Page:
Poor blursed Princess Cassandra

Cassandra was Trojan princess and she was blursed. It means she was blessed and cursed. She was blessed with the gift of prophesy. She could see what was coming. That was the gift she got from Apollo, who was hot for princess. He expected favors in return.

But poor Cassandra was in a difficult position. She was a temple virgin for Athena, and the job involved keeping her virginity. So, she had no choice. She was faithful to her goddess and she rejected Apollo’s advances. He didn’t take it well, and he cursed her.

It seems like prophecy is a gift that always comes with a catch. Some people have to put their hands in steaming entrails to get a vision. Other people are forced to speak their prophesies in incomprehensible rhymes. It can lead to misunderstandings and generations of women exhausting themselves with too many pregnancies trying for a seventh son.

Unfinished Cassandra

Cassandra’s visions were straightforward. She always spoke the plain truth. Her curse was simple. Nobody ever believed her.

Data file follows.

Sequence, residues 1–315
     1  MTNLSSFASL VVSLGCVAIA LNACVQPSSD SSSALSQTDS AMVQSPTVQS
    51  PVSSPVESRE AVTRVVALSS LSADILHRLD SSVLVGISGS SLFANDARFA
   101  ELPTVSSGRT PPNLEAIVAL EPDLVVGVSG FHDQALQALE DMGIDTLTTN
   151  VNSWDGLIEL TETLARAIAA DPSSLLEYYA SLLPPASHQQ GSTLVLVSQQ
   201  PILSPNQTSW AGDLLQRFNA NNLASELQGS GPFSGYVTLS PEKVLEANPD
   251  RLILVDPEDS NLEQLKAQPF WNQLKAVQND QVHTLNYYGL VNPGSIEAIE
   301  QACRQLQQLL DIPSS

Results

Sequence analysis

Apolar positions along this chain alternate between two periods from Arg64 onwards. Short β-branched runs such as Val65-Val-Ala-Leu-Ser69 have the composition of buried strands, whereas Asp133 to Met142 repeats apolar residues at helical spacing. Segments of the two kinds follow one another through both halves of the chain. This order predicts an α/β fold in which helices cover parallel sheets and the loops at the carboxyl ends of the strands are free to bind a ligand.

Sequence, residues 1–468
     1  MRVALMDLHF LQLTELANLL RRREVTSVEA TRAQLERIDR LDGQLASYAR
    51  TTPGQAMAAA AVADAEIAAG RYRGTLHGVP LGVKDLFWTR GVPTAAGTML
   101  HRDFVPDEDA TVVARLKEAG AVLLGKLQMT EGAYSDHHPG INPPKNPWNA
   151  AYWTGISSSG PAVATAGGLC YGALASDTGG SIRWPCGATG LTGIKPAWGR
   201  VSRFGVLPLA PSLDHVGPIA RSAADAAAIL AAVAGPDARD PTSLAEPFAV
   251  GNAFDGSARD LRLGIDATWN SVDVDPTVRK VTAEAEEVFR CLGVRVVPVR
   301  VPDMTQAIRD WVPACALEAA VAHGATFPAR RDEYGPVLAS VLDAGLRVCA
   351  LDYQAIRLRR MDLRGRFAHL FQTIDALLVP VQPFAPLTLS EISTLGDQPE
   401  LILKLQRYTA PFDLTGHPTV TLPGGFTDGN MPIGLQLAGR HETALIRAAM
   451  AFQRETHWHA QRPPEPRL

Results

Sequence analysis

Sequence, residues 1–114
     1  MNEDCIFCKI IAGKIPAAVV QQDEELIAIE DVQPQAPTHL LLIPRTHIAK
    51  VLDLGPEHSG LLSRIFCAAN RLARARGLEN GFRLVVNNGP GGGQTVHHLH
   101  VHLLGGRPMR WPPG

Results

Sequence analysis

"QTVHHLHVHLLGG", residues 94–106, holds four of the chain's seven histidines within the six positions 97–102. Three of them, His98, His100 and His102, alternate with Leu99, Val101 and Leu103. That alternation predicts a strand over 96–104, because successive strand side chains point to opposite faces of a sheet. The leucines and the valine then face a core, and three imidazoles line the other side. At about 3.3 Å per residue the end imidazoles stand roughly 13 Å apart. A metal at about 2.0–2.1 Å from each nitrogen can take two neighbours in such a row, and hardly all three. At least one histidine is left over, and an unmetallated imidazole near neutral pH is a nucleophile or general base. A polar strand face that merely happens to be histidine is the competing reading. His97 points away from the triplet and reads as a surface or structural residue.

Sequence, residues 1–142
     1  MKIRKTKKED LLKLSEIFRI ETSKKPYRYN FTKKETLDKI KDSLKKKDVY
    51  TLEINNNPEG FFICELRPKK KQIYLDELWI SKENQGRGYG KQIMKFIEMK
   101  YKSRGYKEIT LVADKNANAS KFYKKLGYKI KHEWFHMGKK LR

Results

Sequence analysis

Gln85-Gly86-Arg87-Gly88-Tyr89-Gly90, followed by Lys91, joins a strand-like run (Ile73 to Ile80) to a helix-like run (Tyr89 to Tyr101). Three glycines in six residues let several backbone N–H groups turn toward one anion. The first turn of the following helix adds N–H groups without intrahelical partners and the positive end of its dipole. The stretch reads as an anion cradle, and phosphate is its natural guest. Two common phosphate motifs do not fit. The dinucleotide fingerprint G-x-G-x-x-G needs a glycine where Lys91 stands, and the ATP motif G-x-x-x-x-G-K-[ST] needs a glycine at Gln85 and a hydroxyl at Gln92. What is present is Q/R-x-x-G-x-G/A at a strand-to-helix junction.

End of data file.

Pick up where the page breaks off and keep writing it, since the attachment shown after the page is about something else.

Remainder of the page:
Cassandra knew about the soldiers in the wooden horse, and tried to warn her father the king, but he didn’t believe her and it led to the fall of Troy, and the downfall of Cassandra.

Everything she saw after that must have been horrible. She was brutally raped by Ajax on the temple floor, offending Athena, who made sure the Greeks didn’t get home without an odyssey.

Then she became a concubine to King Agamemnon, and that didn’t go well either. Agamemnon was murdered by his unfaithful wife Clytemnestra, and Cassandra was murdered too for good measure.

What sad and violent visions she must have had! Based on this story I have decided there will be no statues of Apollo in my collection.

Currently Cassandra is overseeing path construction near the waterfall.

Overseeing path construction

The path is amazing. The guy responsible for the hardscaping is named Pablo. Here is a picture of Pablo.

Pablo transplanting lilacs

Pablo is brilliant at design and engineering. I ordered a sign to make sure he will always get credit for for his work.

Pablo and Diana, sharing the credit

Cassandra’s story is a warning to us all. Beware of Gods bearing gifts, and be grateful for the things you don’t know.

By Diana Gruber

Mathematician, game developer, and statue painter